Fluorescence Digital Image Gallery

Embryonic Swiss Mouse Fibroblast Cells (3T3)

The history of synthetic fluorescent probes dates back over a century to the late 1800s when many of the cornerstone dyes for modern histology were developed. Among these were pararosaniline, methyl violet, malachite green, safranin O, methylene blue, and numerous azo (nitrogen) dyes, such as Bismarck brown. Although these dyes were highly colored and capable of absorbing selected bands of visible light, most were only weakly fluorescent and would not be useful for the fluorescence microscopes that would be developed several decades later. However, several synthetic dye classes synthesized during this period, based on the xanthene and acridine heterocyclic ring systems, proved to be highly fluorescent and provided a foundation for the development of modern synthetic fluorescent probes. Most notable among these early fluorescent dyes were the substituted xanthenes, fluorescein and rhodamine B, and the biaminated acridine derivative, acridine orange.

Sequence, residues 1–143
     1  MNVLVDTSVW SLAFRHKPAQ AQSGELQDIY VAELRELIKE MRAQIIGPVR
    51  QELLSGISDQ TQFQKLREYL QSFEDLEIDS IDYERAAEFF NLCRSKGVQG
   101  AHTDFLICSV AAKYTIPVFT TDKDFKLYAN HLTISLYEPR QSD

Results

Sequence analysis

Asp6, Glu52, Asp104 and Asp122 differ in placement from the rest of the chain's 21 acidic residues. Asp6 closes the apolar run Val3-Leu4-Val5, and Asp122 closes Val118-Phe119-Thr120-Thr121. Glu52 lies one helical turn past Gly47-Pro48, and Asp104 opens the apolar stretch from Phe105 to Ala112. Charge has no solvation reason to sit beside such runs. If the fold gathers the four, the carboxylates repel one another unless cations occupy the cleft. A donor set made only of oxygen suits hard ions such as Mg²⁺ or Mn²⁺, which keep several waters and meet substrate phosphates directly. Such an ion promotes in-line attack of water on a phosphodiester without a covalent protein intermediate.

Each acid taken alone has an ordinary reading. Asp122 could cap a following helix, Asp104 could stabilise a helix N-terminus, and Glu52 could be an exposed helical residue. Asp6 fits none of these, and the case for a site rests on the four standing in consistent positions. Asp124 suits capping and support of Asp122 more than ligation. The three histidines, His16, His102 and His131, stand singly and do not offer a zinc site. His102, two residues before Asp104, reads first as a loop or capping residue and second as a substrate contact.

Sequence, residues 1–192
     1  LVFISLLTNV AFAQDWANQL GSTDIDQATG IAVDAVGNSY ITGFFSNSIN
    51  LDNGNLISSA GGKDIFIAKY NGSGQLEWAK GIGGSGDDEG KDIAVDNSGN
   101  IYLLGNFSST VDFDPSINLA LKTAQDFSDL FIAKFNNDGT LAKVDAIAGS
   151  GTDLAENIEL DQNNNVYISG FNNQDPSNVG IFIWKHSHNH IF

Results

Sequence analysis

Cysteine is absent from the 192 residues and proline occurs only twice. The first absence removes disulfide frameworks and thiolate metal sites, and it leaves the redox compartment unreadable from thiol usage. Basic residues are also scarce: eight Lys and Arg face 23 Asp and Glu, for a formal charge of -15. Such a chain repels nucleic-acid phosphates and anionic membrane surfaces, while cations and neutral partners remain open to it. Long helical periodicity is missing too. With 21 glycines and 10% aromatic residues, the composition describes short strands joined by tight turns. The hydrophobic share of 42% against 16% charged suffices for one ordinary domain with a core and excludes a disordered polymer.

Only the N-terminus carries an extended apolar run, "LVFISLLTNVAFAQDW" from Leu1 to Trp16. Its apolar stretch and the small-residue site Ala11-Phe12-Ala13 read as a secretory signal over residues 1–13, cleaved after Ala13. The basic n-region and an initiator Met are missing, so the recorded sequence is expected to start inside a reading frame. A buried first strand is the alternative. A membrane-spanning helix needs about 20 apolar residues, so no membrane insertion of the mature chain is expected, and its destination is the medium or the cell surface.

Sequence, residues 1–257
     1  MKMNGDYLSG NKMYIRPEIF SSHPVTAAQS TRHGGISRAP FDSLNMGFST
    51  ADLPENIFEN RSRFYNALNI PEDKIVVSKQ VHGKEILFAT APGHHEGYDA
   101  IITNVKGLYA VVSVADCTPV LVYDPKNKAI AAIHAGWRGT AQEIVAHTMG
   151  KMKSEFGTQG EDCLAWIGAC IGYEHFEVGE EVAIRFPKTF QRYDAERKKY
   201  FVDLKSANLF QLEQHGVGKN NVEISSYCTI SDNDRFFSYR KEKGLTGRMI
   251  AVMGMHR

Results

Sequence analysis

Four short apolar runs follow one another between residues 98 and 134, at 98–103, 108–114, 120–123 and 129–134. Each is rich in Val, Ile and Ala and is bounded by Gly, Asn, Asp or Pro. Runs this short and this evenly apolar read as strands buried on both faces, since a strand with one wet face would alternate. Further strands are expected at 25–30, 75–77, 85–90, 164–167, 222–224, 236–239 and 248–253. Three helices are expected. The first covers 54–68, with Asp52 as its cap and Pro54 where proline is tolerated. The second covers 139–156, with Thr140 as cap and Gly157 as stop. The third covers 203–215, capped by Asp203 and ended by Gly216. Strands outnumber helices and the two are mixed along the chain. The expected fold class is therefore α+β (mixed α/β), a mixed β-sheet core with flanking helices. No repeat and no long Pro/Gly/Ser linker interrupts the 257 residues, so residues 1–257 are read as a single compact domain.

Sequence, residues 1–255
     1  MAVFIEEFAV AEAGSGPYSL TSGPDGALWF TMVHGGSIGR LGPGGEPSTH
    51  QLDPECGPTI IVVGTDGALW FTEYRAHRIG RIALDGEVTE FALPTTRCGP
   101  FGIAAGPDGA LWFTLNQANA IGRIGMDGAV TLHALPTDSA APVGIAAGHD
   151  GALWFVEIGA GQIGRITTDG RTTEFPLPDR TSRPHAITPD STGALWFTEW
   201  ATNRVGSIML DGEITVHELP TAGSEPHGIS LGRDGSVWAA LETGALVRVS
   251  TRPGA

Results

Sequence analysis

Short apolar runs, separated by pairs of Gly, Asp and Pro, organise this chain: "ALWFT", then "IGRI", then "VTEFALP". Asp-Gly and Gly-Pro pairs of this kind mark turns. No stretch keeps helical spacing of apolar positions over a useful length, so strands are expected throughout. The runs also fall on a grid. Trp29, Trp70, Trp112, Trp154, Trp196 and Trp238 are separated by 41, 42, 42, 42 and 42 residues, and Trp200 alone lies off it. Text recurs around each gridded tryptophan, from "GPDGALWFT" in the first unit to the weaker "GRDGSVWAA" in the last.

A monolayer culture of Swiss mouse embryo cells (illustrated above) was immunofluorescently labeled with primary mouse anti-alpha-tubulin antibodies, and then subsequently treated with a mixture of secondary antibodies conjugated to Alexa Fluor 568 in a mixture containing phalloidin conjugated to Alexa Fluor 350. The cell nuclei were counterstained with SYTOX Green. Images were recorded in grayscale with a QImaging Retiga Fast-EXi camera system coupled to an Olympus BX-51 microscope equipped with bandpass emission fluorescence filter optical blocks provided by Omega Optical. During the processing stage, individual image channels were pseudocolored with RGB values corresponding to each of the fluorophore emission spectral profiles.

View a smaller image of the embryonic Swiss mouse fibroblast (3T3) cell.

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